A rail journey through the Canadian Rockies typically concludes at one of two ever-impressive destinations: Banff National Park or Jasper National Park. These protected lands sit with Yoho and Kootenay National Parks to form the Canadian Rocky Mountain Parks UNESCO World Heritage Site. Millions of tourists are amazed by their eternal beauty and pictorial landscapes yearly.
The biggest of them all, Jasper National Park, shines as a stunning example of the wonders one can behold when the terrain is left to nature. Whether you have weeks here or your time is limited to just a few days, here are eight fantastic things to do in Jasper, from its townsite to deep in the backcountry. Pick and choose, or do them all; either way, you are sure to leave the park with a newfound appreciation for the Rockies and their offerings.
1. Ride the Jasper Skytram
Canada's longest and highest guided aerial tramway awaits in Jasper National Park. It takes seven minutes to climb from the base station at the bottom of Whistler's Peak to the Summit Station. While the gondolas do not reach the actual summit of the mountain, you are transported high above the tree line into an alpine world where mountain views reign supreme, and there is no lack of gorgeous sights.
Approximately 20 passengers - including a flight attendant - can ride in each Skytram car. Commentary regarding the passing scenery or answers to pressing questions fill each minute of the journey to the top. The line climbs to approximately 7,425 feet, unveiling panoramic views of six mountain ranges, glacier-fed lakes, sweeping valleys, and the town of Jasper as you reach the top. Upon disembarking the car, you are welcome to soak in the vistas once more from the boardwalk or hike one of the many mountainside trails. There is also a gift shop and a quaint eatery to grab a bite before you descend.
2. Hike Maligne Canyon
Regardless of your athletic ability, hiking Maligne Canyon should top your list as one of the best things to do in Jasper. This canyon is the deepest in the park, plunging more than 160 feet into the earth at some points. While this may sound intimidating, accessing its most scenic points is easy, thanks to a series of six bridges.
Bridges one and two offer the calmest trek and are the most easily accessible, while bridge six provides the most intense hiking experience. Those visitors looking for magnificent views of a waterfall should select bridge three. The fourth bridge showcases water flowing into the canyon from an underground cave system. While more difficult than bridges one and two, bridge five offers an enjoyable trek over the river with fewer fellow hikers. Each path promises a unique vantage point over the canyon views.
Visitors may not know this natural site is perhaps even more impressive during the long winter months. All the canyon's water freezes over, creating frozen waterfalls, ice caves, and fantastic ice formations. The hiking paths remain open during this time; however, for your safety, it is best to set out into the canyon with a guide during the winter.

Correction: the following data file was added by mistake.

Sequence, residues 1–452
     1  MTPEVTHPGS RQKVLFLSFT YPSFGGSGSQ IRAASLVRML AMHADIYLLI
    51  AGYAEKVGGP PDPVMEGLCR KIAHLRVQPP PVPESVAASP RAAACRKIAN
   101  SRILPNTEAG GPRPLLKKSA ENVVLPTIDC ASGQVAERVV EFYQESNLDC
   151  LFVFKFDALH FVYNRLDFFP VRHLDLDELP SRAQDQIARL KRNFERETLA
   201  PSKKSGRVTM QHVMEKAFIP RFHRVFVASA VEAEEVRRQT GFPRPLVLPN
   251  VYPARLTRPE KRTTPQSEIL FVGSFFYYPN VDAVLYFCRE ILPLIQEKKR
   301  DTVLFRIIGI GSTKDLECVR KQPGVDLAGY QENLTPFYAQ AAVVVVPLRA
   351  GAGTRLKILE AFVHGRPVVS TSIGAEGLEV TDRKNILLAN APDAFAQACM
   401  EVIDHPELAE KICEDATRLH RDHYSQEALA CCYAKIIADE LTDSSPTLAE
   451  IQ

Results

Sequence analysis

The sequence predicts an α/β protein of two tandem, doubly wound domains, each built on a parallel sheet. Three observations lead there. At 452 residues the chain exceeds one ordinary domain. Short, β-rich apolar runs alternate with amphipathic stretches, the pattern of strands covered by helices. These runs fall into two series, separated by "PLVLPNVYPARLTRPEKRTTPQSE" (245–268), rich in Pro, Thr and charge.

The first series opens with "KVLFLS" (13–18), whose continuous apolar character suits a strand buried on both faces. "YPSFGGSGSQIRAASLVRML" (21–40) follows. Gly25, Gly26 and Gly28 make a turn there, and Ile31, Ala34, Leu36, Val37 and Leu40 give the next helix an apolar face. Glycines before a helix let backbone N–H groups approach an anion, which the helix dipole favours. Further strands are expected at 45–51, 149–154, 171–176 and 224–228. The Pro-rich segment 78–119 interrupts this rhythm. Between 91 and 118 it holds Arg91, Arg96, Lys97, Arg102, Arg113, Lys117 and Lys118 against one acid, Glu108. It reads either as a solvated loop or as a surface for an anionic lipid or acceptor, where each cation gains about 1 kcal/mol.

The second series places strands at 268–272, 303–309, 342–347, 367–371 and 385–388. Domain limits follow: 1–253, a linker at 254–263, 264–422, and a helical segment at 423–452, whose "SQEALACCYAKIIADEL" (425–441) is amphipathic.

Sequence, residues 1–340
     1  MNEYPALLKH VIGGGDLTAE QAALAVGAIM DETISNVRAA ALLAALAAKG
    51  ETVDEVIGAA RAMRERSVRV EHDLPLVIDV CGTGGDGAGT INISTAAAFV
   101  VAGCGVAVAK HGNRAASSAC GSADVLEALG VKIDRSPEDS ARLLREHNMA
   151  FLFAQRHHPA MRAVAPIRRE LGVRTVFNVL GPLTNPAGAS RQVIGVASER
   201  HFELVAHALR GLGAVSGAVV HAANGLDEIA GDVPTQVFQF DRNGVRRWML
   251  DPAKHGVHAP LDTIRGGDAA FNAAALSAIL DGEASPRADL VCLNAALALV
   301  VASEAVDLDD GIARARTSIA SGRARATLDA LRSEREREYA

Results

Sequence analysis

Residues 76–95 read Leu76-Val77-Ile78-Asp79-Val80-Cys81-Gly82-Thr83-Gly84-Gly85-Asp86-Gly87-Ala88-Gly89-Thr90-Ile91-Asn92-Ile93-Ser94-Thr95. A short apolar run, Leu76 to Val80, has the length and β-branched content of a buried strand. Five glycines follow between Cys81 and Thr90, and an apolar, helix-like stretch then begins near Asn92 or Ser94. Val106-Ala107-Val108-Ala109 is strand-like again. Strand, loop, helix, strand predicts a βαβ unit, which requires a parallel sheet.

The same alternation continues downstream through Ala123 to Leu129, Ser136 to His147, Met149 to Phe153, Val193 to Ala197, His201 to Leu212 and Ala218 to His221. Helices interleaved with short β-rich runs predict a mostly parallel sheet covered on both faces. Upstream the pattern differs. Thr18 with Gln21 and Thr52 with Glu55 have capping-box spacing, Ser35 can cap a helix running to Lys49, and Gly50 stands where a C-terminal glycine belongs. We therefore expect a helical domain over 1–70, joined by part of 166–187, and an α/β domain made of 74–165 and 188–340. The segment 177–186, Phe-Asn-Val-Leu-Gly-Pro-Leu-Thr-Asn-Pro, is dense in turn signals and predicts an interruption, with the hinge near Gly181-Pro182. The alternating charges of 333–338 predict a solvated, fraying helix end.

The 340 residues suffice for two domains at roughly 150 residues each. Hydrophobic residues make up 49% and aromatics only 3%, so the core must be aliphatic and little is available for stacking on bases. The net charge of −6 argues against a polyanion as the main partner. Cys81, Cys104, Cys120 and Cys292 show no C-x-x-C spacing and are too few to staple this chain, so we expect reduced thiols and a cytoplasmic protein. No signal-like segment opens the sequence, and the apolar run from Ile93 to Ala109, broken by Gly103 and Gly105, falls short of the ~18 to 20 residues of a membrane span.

3. Look at the Stars Over the Canadian Rockies
Jasper National Park was named a Dark Sky Preserve in 2011 and has worn that badge proudly for over a decade. The park is the second-largest Dark Sky Preserve in the world and is easily the most accessible, thanks to the proximity of Jasper's townsite. For visitors, this means sightseeing does not end when the sun drops behind the mountains.
Millions of stars overtake the horizon as the sky darkens, and constellations you may never have known existed are displayed. Spring and summer visitors may even be treated to views of the Milky Way on clear nights. Visiting during fall and winter opens the skies to new possibilities, including that of the aurora borealis, whose colorful show occurs between October and May. Head to Maligne Lake, Pyramid Lake, Athabasca Falls, or the Columbia Icefield for the best stargazing.
4. Venture into the Town of Jasper
Downtown Jasper holds its own regarding tourism in Jasper National Park. Unlike other resort towns throughout Canada, this town has a delightful small-town feel. Approximately 4,200 people live here throughout the year, so typical accommodations, like parks, an activity center, a library, and a charming fire station, sit aside tourist attractions.
Much of downtown Jasper's central business district is split between Connaught Drive and Patricia Street, though there are attractions throughout the town. During your visit, set out on foot to explore the array of restaurants and breweries or pop into one of the many shops to purchase your ideal souvenir. For an added bit of fun, keep your eyes peeled for the three Jasper the Bear statues throughout the town as you explore.